Issues began to surface between the British and American partnership, which was compounded by a generational gap, widely different attitudes, and limited cooperation between groups of teachers. Despite their official support, British officials both in London and throughout East Africa expressed their dislike of the program, although they appreciated its usefulness. First, the independence of Uganda and Tanzania now made it impossible to use Colonial Development and Welfare Funds. ODM officials assumed the East African governments would pay for half of the additional training of their teachers, but after encountering protests from East African governments, they reluctantly agreed to cover all the expenses.33 Additionally, ODM officials, such as Bernard Ashley and George Dickson, viewed the TEA program as an attempt by the Americans to “force an entry into the field of teacher training,” which they allegedly wanted to Americanize, thus changing Britain’s carefully crafted legacy of imperial rule. With American teachers and funding playing an increasingly prominent role in the program, Colonial and Foreign Office officials began to feel marginalized and wondered about their future in the field of East African education. By developing a presence in a new region outside of formal government support, the TEA forged new connections to the region and increased American knowledge about East African life at the expense of the long-standing British presence. Despite pledges of cooperation, the Anglo-American venture showed the practical limitations of such efforts, especially as disputes began occurring between individual teachers.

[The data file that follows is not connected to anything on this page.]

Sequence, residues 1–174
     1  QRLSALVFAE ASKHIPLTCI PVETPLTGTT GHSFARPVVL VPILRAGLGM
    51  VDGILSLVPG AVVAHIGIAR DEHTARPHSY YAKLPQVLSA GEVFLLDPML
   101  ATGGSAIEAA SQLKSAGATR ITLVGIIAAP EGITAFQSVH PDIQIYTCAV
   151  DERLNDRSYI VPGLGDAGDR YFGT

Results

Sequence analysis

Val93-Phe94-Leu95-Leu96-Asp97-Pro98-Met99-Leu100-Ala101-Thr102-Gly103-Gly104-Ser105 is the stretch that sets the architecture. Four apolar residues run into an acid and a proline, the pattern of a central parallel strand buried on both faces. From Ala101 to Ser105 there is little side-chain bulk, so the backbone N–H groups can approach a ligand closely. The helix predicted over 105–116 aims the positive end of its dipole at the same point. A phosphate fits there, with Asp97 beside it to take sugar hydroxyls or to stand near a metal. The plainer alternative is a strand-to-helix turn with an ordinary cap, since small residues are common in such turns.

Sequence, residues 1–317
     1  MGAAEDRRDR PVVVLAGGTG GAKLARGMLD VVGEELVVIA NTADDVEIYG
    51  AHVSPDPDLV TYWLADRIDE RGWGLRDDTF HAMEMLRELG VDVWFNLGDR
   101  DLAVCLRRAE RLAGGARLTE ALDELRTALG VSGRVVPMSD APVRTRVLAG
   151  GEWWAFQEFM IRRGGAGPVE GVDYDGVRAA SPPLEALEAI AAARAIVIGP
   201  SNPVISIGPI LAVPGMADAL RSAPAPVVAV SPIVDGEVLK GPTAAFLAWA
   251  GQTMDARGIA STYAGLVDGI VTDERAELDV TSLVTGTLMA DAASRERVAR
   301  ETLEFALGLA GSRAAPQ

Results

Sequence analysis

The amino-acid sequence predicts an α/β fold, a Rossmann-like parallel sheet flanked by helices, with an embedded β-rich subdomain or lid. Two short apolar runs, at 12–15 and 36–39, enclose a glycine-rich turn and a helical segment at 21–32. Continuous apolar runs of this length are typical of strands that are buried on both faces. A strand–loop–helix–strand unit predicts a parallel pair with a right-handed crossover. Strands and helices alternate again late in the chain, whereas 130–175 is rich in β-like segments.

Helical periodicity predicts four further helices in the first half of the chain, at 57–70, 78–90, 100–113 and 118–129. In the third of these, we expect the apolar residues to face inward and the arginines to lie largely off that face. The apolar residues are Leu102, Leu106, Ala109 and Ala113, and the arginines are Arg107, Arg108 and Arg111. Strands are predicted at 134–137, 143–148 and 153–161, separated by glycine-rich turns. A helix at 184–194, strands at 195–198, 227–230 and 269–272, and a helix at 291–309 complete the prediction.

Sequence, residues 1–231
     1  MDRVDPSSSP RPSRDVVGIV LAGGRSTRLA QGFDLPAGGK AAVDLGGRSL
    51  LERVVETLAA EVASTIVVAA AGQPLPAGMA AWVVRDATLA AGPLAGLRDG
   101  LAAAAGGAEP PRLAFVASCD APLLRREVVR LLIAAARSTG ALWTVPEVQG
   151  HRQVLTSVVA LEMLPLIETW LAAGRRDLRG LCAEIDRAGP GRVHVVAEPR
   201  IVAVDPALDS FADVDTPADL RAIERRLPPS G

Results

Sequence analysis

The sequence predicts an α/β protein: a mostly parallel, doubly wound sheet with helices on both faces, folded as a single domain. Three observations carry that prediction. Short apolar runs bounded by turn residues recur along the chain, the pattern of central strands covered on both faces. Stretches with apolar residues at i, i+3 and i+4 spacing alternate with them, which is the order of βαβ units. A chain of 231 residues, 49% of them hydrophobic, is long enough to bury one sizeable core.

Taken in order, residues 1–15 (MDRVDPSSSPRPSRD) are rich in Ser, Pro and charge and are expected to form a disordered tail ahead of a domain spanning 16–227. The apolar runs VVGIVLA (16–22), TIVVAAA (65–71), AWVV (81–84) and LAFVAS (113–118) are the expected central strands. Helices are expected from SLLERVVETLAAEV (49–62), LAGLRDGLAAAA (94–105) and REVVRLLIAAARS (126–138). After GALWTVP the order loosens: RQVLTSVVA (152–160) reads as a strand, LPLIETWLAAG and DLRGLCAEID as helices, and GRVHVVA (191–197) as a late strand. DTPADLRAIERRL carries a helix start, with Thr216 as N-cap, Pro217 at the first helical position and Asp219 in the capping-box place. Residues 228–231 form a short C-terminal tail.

In addition to officials in London, British teachers and other officials on the ground in Tanzania complained about the attitudes of the arriving volunteers, while remaining aware that they represented the arrival of a new imperial presence. With their long-standing ties to the Empire, these teachers and officials wrote about the “it is our turn now” approach of the Americans and argued the new teachers failed to recognize the contributions of their British colleagues. In researching the organization, Raymond Gold found instances of British headmasters, accustomed to living in East Africa and already insecure about their positions, protesting that Americans were “inclined to grumble about their extended work obligations and generally were overly concerned about their health,” to the degree that many headmasters labeled them hypochondriacs. Many officials used this common attack to discredit the American volunteers and reinforce the divide between American and British educators.34 Headmasters also complained about the long holidays their American teachers took. Americans interpreted the term “school holiday” liberally and viewed it as a vacation, not realizing that many students stayed at school and supervision was needed. Americans understood they would only be in Africa for a short time and wanted to tour as much as possible. These criticisms were not unwarranted, as the majority of teachers viewed travel as an essential component of their time in East Africa. In one instance, Gary Gappert and a fellow teacher planned to drive 3,500 miles from Tabora to Cape Town, consequently earning the scorn of the “old timers” and arriving late for the start of the school term.35 The alleged holiday-first attitude of the teachers reinforced negative British attitudes towards the newly arrived American teachers, criticism based on real problems, but also the desire of British officials to condemn the Americans’ actions in an attempt at self-preservation.